Lod has survived as hunters’ bait and seeks to end his slavery. Meanwhile, the Nephilim, Kron, comes to his master – the terrible Firstborn named Gog – who has peered into the future and sees a threat. Kron’s mission is to eliminate that threat, while Lod’s mission is to simply survive in his newfound freedom. This was my favorite tale within the issue. Heppner’s narrative style wrapped me into each scene and into the characters’ minds. I hope to see more stories of Lod in future issues.

Read Matthew’s complete review here.

You can get more details on Black Gate 15 here, and purchase copies for just $18.95 (shipping included) at our online store.


You Don’t Need to See Cars 2 to Watch the Brave Trailer

Monday, June 27th, 2011 | Posted by Ryan Harvey

Pixar has maintained such an amazing line of success with their mixture of intelligent adult themes and child-pleasing action and characters in their CGI films, that the studio’s turn toward sequels hit me in the face with the great massive gauntlet of disappointment. I did enjoy Toy Story 3, but it was nowhere near the level of brilliance of my trifecta of Pixar favorites: The Incredibles, WALL·E, and Up. And when I found out that the follow-up for Toy Story 3 would be a sequel to Cars, easily my least favorite Pixar film so far, the massive gauntlet of disappointed almost pounded me head-first down into the soil.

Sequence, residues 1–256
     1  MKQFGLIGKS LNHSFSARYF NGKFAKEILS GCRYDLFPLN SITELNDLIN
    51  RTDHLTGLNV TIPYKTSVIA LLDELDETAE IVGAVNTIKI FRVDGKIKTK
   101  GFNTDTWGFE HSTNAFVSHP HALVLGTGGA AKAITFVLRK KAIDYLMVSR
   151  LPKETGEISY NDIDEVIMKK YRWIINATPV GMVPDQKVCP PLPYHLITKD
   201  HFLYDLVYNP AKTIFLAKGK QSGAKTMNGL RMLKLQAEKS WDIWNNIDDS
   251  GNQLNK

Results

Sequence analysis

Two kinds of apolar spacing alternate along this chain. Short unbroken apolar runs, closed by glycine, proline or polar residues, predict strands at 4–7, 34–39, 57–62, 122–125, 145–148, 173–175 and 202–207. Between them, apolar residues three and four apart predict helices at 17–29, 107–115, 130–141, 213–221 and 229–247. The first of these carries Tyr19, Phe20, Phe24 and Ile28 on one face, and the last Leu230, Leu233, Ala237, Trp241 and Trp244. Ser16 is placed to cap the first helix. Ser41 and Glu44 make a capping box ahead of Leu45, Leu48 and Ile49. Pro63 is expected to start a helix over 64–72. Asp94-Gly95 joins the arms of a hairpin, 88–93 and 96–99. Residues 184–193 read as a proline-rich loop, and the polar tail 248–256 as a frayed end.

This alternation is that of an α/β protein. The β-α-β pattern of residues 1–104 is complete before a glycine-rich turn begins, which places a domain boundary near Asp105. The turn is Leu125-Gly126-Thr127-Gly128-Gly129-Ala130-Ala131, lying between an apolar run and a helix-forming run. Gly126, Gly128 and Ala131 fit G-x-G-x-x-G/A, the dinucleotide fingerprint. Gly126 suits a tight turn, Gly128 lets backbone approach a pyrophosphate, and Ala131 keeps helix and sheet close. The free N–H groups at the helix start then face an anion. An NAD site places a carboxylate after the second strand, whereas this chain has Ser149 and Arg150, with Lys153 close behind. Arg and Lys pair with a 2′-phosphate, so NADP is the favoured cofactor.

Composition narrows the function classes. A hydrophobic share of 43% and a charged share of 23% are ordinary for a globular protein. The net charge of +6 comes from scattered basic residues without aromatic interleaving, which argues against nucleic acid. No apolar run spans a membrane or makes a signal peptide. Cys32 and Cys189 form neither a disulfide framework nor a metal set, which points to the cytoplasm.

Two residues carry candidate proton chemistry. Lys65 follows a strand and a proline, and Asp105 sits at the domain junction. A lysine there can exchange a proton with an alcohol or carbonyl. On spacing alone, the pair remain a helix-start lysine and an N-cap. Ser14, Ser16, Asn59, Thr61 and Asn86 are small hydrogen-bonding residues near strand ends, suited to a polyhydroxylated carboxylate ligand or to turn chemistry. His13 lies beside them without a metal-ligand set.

Cars 2 is the first Pixar film ever to have critics turn against it. The Rotten Tomatoes review aggregator has given the movie a “Rotten” rating, currently holding at a morose 33% positive, a sad first in Pixar’s history. It seems the best I’ve heard about the movie from viewers is, “Eh, my kids liked it.” Considering the steep prices for the 3D screenings — which are the only screenings available at my local theater — this may end up being the first Pixar movie I skip in theaters, and wait for the Blu-ray.

There is one temptation, the trailer for Pixar’s next films, a non-sequel heroic fantasy set in Scotland: Brave.